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The Lies We Tell Ourselves

Have you ever been trapped in your own head?

1 John was written in a time where the gnostic movement was confusing people - saying that knowledge and being "spiritual" was more important than the messy earthy stuff of being practical, acknowledging your body and basically being real. This kind of living can end up with you lying to yourself. In the first couple of chapters there are some "claims" being made, that are exposed as lies:

Lie number 1: "I don't sin." No one likes to admit they've stuffed up.

I once taught a piano student who blamed every mistake on something around him. His fingers were cold, or the chair was wobbly, or a noise outside distracted him. It seemed that the only thing not to blame for playing a wrong note was him! We did an exercise where, every time he made a mistake he needed to boldly proclaim "It was me!" At first it was tentative, but when he got into it, he realised that when he could own his wrong notes, then they could be addressed and fixed.

Sin does not define our identity. No one likes to condemn themselves. We forget that there is a remedy for sin and think that it stains us forever.

The real problem with sin is that it has impact on others. We mustn’t excuse ourselves for the hurt we inflict on other people or the world around us – God takes it very seriously.

The good news is that sin is not the end, and it doesn’t doom us to keep sinning, it doesn’t define how others view us. 1 John 1:9 says If we confess our sins, he is faithful and just and will forgive us our sins and purify us from all unrighteousness.

We do sin. We sin often. But it’s not the end. Confess often and receive forgiveness often! James 5 says that we should not just confess our sins, but confess them to each other! Let’s get good at saying “woops, my bad, I’m sorry”.

Lie number 2: I know God (but I don’t act like Jesus).

1 John 2:3,4 use a word we don’t like these days “Command”. It’s very jarring for our time to hear that we are meant to obey commands. However, these verses indicate that when we know God, we don’t just have an example to work from, but we are motivated to be like Jesus. Knowing God means that our desires are redirected. We want to be more like Jesus.

It's impossible for us to truly know the love of God and not be transformed in the way we act toward others.

The commands that God has for us are centred around love. The more we love, the more we know God. The more we know God, the more we love others. (It's like a chicken and an egg!)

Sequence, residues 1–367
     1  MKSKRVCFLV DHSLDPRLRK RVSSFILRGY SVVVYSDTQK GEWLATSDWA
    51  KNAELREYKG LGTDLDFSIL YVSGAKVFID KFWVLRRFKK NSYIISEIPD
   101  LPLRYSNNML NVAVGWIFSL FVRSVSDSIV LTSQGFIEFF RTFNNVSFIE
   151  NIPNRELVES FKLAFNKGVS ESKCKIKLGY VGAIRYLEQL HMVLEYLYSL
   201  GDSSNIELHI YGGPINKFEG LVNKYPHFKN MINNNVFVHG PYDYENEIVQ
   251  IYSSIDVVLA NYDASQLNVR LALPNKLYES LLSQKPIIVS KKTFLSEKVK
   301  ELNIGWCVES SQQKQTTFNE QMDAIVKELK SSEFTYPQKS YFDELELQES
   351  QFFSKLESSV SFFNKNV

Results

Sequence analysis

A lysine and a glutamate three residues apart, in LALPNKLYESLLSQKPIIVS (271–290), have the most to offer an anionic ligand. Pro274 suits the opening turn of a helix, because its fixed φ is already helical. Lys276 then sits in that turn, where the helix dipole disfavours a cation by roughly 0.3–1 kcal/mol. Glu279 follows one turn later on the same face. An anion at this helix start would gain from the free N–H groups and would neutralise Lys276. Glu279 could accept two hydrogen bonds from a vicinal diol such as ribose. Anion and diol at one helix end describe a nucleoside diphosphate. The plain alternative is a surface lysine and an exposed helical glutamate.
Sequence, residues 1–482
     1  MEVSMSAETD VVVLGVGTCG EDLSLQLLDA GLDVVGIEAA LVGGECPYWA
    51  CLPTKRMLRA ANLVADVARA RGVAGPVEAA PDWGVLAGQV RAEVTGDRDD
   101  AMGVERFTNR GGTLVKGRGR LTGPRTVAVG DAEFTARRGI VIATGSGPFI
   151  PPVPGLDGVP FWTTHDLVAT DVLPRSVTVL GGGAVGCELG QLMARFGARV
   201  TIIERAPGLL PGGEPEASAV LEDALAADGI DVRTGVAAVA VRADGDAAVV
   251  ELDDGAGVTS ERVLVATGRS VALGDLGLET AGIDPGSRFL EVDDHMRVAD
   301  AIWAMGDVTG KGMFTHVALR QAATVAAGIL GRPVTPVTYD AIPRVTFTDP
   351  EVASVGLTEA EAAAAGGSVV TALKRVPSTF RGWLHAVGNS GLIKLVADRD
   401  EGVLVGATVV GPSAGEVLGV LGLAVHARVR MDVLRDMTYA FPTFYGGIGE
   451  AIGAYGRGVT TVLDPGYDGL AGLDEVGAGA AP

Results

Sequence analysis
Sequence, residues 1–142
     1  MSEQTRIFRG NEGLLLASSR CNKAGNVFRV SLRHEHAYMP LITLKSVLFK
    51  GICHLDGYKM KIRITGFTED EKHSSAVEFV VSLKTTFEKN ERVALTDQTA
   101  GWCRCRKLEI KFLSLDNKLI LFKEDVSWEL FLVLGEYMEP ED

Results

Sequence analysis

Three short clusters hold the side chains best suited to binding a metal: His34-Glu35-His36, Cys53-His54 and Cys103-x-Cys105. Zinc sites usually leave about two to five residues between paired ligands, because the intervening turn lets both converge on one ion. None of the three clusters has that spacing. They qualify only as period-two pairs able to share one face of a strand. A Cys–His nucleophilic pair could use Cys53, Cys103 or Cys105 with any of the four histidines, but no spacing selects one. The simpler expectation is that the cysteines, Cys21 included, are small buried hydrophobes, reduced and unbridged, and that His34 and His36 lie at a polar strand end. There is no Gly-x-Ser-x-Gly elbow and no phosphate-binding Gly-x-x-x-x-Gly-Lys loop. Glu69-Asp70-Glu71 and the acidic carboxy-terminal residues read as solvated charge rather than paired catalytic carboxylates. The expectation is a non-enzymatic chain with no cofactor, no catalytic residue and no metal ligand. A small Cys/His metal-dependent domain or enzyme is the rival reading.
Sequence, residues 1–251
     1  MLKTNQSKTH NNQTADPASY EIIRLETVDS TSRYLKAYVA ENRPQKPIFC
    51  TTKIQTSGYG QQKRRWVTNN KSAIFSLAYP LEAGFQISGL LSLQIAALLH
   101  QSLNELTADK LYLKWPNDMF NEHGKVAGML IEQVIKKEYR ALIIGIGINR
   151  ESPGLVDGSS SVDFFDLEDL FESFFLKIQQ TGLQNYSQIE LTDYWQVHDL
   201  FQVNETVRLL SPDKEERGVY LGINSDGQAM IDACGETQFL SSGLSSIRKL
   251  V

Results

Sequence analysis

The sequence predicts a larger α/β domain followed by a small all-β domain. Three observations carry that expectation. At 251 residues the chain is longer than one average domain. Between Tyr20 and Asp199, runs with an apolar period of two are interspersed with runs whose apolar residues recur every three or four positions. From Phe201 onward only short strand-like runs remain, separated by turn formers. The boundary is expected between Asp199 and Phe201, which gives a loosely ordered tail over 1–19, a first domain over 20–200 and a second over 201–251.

It’s very hard to obey God’s command out of fear or duty, because the command is to love. Fear and duty kill off love. Obeying God’s command is about letting God transform our hearts and minds toward loving others.

Lie number 3: I am in the light (or maybe one could say “I am in the right.”)…but I hate my brothers/sisters.

1 John 2:10 says that when you love someone there is nothing to make you stumble. Another way of thinking of that is to say that your hatred for someone, or neglect of them, will cause you to stumble.

Not loving your brother or sister is a danger to you. You are blind and likely to stumble.

When you don't deliberately choose love, you're susceptible to choosing malicious behaviour: gossip, slander, withholding help out of resentment, retaliation, excluding, judging, blaming. You are also likely to spend time going back to the first lie, saying “I haven’t sinned – the other person is at fault”. Jesus spoke specifically against that, telling us to be as quick as possible to reconcile because it hurts the heart of God and therefore blocks your effectiveness in prayer, mission and learning.

It's possible for us to look around and say “I love these people”, because we don’t feel any specific malice. However, we need to look to what Jesus said about love to really concentrate our efforts on loving each other. The big question I ask is “how do others know that you love them?” If you can’t answer that, then it’s a bit harder to claim that you love them as Jesus does.

Do any of these lies trip you up?

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